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When using a hyphenated compound word (i.e., a compound adjective, verb, or noun) in a document and the word splits across two lines due to it being at the end of a line, is it considered improper to split it across lines and should one instead force it to the next line with a non-breaking hyphen?

For example, the compound adjective self-supporting:

A good mat for this purpose should have enough rigidity such that the mat is self‑
supporting

versus

A good mat for this purpose should have enough rigidity such that the mat is
self‑supporting

In other words, should one use a non-breaking hyphen in compound words so that the reader does not mistake the word for not being compound (e.g., selfsupporting) and just broken at a syllable due to being at the end of the line?

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  • 1
    I've seen a style guide recommending rather than censuring the practice. Note that 'self-supporting' is compound. Commented Oct 4, 2016 at 19:24
  • 3
    This is perfectly acceptable to every publication I've ever worked for, which includes about twenty magazine and several book publishers. Many do not permit a double break--for example, putting "self-support-" on one line and "ing" on the next. Many computers programs do permit this, however, and editors often go into a file to manually override such a break. This has nothing to do with content or meaning or the reader's understanding--it is simply an aesthetic preference.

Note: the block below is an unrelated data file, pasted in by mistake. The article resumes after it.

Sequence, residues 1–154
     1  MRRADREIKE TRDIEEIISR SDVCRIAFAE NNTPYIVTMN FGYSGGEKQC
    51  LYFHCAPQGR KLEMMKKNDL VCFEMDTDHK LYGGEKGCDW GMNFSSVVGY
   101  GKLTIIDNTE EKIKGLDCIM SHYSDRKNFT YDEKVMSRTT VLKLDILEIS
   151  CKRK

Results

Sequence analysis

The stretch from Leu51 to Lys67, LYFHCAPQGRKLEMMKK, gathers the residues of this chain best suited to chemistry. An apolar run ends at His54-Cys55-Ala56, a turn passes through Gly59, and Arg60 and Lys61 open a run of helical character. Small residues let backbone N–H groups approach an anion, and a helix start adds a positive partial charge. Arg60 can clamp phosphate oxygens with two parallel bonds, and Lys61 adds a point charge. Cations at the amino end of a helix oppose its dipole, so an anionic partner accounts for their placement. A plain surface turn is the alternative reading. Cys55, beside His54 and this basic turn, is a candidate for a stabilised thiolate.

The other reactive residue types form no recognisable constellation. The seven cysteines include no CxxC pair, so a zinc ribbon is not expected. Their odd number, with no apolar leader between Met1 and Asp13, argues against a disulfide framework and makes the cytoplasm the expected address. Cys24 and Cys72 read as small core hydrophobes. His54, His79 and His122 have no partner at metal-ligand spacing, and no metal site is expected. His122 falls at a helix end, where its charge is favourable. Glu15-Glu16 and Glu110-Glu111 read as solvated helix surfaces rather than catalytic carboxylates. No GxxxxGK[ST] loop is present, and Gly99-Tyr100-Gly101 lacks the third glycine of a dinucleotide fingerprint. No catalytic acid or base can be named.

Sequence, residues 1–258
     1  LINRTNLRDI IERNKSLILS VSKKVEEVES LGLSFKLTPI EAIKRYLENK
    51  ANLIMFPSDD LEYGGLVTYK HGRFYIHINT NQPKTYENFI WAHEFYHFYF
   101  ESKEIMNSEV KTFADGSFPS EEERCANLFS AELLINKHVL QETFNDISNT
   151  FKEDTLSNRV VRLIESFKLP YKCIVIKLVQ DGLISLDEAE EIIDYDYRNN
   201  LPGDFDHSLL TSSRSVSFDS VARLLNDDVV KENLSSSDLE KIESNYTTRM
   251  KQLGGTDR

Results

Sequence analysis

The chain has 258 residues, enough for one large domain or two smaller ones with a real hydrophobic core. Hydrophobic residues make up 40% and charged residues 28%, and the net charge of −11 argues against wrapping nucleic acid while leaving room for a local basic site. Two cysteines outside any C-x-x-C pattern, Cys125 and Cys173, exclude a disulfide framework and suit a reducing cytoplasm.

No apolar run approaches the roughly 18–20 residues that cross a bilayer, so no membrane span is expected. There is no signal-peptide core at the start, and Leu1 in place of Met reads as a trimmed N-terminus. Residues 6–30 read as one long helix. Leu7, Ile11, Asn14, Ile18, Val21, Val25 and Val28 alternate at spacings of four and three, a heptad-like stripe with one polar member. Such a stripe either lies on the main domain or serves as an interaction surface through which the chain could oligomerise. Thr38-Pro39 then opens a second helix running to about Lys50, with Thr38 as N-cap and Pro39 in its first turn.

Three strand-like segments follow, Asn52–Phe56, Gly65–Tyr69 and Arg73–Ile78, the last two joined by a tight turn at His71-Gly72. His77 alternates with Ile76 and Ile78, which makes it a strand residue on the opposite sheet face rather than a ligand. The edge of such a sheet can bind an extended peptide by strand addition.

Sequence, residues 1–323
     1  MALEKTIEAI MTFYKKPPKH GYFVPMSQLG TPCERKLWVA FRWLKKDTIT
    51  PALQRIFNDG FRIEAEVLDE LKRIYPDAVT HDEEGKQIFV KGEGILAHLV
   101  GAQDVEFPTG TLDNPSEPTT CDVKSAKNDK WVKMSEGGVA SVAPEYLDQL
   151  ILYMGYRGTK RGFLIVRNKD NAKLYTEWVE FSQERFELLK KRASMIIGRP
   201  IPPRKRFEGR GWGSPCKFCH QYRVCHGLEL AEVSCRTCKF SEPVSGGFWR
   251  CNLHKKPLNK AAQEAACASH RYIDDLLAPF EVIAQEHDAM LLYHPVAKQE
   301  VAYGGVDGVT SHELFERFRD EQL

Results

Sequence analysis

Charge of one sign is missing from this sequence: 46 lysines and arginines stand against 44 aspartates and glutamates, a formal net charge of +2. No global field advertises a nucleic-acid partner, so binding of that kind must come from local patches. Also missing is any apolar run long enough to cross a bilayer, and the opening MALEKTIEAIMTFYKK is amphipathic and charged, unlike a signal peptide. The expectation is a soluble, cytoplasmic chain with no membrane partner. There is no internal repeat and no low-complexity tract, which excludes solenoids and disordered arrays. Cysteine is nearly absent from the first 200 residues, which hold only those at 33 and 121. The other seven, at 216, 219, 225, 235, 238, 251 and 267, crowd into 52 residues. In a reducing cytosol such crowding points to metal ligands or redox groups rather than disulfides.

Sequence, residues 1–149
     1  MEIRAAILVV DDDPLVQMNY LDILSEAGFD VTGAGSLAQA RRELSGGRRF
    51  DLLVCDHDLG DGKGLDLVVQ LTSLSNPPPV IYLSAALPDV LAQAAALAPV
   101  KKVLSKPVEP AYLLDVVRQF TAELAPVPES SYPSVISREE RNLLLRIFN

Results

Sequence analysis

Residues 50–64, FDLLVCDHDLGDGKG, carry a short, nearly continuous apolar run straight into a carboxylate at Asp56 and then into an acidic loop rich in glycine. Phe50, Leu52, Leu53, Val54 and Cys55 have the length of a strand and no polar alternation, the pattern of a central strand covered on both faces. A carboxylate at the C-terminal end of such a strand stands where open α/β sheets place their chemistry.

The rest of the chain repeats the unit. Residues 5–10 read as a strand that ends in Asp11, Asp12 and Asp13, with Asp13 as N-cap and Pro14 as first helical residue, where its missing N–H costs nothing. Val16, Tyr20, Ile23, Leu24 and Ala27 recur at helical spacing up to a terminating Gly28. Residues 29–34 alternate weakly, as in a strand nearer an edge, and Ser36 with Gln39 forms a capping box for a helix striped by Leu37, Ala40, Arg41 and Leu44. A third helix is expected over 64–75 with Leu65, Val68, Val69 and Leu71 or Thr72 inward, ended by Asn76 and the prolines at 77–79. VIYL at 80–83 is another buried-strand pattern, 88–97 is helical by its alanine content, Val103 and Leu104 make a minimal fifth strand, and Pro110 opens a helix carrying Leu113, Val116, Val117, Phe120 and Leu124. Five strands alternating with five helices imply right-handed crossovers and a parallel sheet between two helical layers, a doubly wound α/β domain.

– user66965
    Commented Oct 4, 2016 at 19:50

1 Answer 1

6

Yes, at least according to the Purdue OWL:

For line breaks, divide already-hyphenated words only at the hyphen:

mass-
produced
self-
conscious

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  • If I were introducing a new compound word, I might want to avoid breaking it at all the first few times.
    – EL_DON
    Commented Oct 5, 2016 at 1:46
  • 2
    In Portuguese, we repeat the hyphen on the next line as well to make it clearer, resulting in (where / is the line break) mass-/-produced or self-/-conscious. Is that ever used in English?
    – sleighty
    Commented Apr 28, 2019 at 17:45
  • I've never seen hyphen doubling (having one copy at the end of line and another at the start of next line) in English nor Finnish (then languages I'm very familiar with). I know that Swedish doubles some letters in some cases. For example, Swedish word "tuggummi" (chewing gum) is hyphenated as "tugg- gummi" when hyphenated on separate lines. I think rules for hyphenation of any given language are a result of local historical decisions and we don't have international standards how hyphenation should work. I consider hyphenation similar to collation order – do not try to apply any logic. Commented Aug 25, 2022 at 12:16

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